I took a lot of shots and space necessitates that I post them small so I ask you to please click on one and it will allow you to see the whole lot in a large format slideshow if you desire.

I asked everybody if I could take their picture. About 80% of the people said yes. Most people are good about it, comfortable in their own skin.

I call this crowd the modern stone age family. As I said, not a lot of normals. Some, but mostly a bit more on an eccentric orbit. Buyers and sellers.














My friend lena wasn't that thrilled with the pictures I took at her house recently. Said that for a great photographer they were pretty crappy. She is right. I like more candid work, it is easier than always having to make people look good all the time.

I hope that you enjoy the shots!

Saturday, January 18, 2020

Flowers on the wall

Red shouldered hawk


I scoped out the second birds' nest at B's this morning. Wanted to get a baseline shot as it is still growing.

It was empty. Later one of its makers obligingly flew into a nearby tree.

Nice squacky red shouldered hawk.

It will be nice to have shots from both species this year.

The tree is farther away than the one in my valley.

If I set up my tripod and put the prime lens on, I should be able to grab a decent picture.

We shall see.

Friday, January 17, 2020

Chinese People Try Jewish Food for the First Time


Xiamon, my favorite polyglot, brings Chinese friends to the 2nd Avenue Deli.

Time to nest

archive shot - © Robert Sommers 2020
The valley is getting a lot more hawkish of late. I have a caterwauling coopers hawk regularly buzzing my feeder and creating havoc amongst the poor doves in my front yard.

The shriek of a Coopers is high pitched and has an unmatched decibel level compared to the other buteos.

Red tailed and red shouldered hawks are more visible around the valley too. The birds sense the advent of spring and they are getting ready. Time to nest.

Long time readers know that I spent eight years regularly photographing a red tailed nest perched on a high sycamore in my valley.

I literally took tens of thousands of shots. Two years ago the huge nest collapsed in a heavy wind and under its own weight and I was frankly despondent.

Yesterday I was driving out of the valley on the high canyon road when I noticed a new nest being built in another nearby sycamore, only one with an even closer vantage to the road. When I came back in later that evening I took a picture. The amount of work that the hawks put in and accomplished in a single day was astounding.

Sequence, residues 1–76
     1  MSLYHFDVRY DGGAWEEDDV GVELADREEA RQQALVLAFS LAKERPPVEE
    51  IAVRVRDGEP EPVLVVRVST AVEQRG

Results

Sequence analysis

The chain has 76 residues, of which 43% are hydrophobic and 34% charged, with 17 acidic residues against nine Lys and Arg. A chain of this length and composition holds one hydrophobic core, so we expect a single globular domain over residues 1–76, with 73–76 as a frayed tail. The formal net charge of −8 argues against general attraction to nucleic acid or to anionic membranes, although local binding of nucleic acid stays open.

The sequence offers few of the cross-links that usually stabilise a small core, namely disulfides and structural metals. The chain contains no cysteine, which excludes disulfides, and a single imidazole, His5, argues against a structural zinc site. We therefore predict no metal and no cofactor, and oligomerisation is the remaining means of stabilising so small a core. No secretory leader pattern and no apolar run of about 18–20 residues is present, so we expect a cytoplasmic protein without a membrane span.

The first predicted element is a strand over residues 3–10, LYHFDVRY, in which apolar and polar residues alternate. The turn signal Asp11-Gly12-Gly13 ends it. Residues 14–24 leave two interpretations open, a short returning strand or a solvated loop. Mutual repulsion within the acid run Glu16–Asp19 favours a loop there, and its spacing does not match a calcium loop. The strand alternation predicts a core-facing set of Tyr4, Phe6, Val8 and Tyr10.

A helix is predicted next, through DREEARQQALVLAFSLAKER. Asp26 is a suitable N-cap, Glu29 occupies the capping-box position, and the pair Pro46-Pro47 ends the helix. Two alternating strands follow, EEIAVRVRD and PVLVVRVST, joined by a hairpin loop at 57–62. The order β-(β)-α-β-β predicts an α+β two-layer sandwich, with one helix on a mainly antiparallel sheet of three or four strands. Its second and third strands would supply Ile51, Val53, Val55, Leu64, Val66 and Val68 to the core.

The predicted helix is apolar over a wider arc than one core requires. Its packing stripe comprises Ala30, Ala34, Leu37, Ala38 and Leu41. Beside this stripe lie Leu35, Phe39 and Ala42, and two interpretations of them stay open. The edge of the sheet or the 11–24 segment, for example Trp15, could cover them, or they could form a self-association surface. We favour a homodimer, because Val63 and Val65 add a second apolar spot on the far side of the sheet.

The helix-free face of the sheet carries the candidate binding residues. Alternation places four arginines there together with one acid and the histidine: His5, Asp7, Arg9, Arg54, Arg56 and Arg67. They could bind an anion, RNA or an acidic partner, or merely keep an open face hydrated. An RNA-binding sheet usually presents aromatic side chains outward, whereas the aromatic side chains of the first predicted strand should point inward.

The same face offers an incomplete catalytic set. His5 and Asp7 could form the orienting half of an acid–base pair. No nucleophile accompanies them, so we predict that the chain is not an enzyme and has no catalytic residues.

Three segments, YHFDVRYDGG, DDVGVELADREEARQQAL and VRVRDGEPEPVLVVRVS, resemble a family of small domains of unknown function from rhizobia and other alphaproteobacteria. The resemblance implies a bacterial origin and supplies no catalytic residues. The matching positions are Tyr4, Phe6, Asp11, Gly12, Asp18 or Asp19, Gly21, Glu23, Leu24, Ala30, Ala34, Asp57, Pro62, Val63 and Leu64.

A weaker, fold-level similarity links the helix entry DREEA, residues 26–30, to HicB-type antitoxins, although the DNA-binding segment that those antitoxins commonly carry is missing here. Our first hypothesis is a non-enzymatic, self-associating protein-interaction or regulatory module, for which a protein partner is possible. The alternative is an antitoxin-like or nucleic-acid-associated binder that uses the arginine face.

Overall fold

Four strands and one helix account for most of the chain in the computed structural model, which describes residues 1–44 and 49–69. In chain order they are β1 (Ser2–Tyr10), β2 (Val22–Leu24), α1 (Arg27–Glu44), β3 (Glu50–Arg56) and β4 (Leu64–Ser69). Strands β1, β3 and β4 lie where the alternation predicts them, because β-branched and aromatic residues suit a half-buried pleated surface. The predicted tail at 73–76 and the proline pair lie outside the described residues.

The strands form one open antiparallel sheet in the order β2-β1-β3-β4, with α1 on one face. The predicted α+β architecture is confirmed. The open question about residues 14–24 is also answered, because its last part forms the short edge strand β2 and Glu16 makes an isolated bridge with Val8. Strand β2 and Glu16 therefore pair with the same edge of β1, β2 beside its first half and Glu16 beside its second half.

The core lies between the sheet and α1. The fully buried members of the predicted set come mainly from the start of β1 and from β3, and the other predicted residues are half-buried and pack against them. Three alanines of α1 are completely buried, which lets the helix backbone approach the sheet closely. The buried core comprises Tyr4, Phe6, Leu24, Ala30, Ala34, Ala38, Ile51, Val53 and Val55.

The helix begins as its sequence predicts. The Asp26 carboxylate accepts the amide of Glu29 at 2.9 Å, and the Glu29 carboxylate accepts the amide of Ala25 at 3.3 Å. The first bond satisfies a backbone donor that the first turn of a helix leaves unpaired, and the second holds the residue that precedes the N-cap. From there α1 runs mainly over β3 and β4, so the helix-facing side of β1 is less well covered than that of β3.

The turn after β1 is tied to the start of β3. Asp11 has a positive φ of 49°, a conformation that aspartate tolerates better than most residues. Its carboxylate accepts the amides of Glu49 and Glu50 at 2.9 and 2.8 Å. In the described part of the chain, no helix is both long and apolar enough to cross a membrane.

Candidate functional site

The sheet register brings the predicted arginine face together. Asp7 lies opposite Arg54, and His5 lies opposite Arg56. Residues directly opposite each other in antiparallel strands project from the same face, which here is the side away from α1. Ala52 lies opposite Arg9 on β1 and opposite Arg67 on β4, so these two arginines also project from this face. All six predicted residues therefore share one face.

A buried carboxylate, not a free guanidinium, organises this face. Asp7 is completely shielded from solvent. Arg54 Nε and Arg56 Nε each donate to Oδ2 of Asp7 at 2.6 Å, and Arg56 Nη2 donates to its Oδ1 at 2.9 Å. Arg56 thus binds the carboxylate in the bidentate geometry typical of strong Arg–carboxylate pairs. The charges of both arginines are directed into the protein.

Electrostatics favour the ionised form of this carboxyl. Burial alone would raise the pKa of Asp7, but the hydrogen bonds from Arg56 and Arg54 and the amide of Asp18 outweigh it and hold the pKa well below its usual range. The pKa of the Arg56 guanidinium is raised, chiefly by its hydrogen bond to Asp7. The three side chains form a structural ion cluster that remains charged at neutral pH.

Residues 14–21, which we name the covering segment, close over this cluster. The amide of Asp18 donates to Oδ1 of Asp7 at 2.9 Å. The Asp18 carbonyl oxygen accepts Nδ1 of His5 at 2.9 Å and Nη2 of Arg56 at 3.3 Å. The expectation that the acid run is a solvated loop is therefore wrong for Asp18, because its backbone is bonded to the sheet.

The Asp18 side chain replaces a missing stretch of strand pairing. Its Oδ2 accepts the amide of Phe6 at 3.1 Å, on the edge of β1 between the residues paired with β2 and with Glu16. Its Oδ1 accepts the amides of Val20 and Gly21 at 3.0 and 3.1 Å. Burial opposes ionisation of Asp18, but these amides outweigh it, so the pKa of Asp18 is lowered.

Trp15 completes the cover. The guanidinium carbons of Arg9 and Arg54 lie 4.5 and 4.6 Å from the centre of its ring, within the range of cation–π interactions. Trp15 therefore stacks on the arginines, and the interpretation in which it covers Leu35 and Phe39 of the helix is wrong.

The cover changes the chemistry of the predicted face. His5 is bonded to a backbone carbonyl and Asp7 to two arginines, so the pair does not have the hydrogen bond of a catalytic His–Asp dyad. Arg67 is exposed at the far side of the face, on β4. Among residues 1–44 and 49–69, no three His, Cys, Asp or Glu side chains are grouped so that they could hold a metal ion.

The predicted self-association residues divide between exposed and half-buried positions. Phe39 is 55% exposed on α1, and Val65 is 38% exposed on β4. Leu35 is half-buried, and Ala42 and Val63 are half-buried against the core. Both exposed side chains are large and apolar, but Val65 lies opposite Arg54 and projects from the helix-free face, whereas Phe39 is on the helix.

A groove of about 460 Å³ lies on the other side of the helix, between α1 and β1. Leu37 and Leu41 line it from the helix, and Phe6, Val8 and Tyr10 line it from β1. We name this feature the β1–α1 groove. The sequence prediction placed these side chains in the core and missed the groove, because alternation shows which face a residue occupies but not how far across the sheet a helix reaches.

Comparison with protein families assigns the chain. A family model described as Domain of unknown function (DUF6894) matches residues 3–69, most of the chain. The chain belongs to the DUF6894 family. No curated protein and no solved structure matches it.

One has to wonder how these animals get so proficient at engineering, where they acquire the innate know how for such elegant and sturdy nest building?

It was a nice slow and gentle rain last night. Leslie is visiting her brother in Dallas. I woke up from my solitary slumber to the Coopers carrying on.

As I backed the car down the driveway I noticed the mother and father hawks to be in another sycamore across the river that I could see from the end of my driveway.

An early morning low light shot with the slow lens but you get the idea. I will be better prepared in the future.

Got another call from a fellow Santa Margarita Valley dweller about a new hawk nest being built on his property a little west of me that I also have an invitation to shoot.

Should be a bang up spring. And falcon babies just a few months away too.

Wednesday, January 15, 2020

Mother River

We are so lucky to live in a beautiful river valley.

It was an exquisite sunset last night. 

Driving home on the narrow canyon road I had to stop the car and take a look back at the setting sun reflecting on the Santa Margarita River below.

The river banks are thick with sycamore, oak, sumac, toyon and manzanita. A couple of washingtonia palms and eucalyptus invaders are thrown in for good measure.

I am extraordinarily grateful for the thirty years I have lived on its bank.

Mailbag

Dave from Japan is always sending very cool stuff. How do you like these apples?

Or a new riff on birds in flight?

Jonathan in Santa Fe sent some cool underwater pics.

A retrospective room at Redfern's gallery showing John Fillmore's incredible artwork. Of course, they never invited John to attend.


Richard Neumann in Thailand recommends The Alcoholic Republic.

A car lost its brakes and rammed into Mike Reardon's home one night last week.


Wicki sends a picture of Leslie, Jennifer and I catching the sunset at the Self Realization Fellowship. Had a nice dinner at Q'ero afterwards.


Hudgins sends over a video on the MAGA church.

Why I hated algebra.

Tuesday, January 14, 2020

Pecking away

The men from the power company showed up with a lift to check out our power pole the other day. It turns out that we have the last wooden pole in the entire river valley.

Which is fine with us, in fact we would like to keep it that way. Because our woodpeckers just wouldn't cotton to no metal pole.

They told Leslie that there is a little hole on top of the pole and that the whole thing should probably be replaced.

Sure there is a little damage to the very top of the pole, but the pole is structurally sound. I would sorely miss my acorn woodpeckers.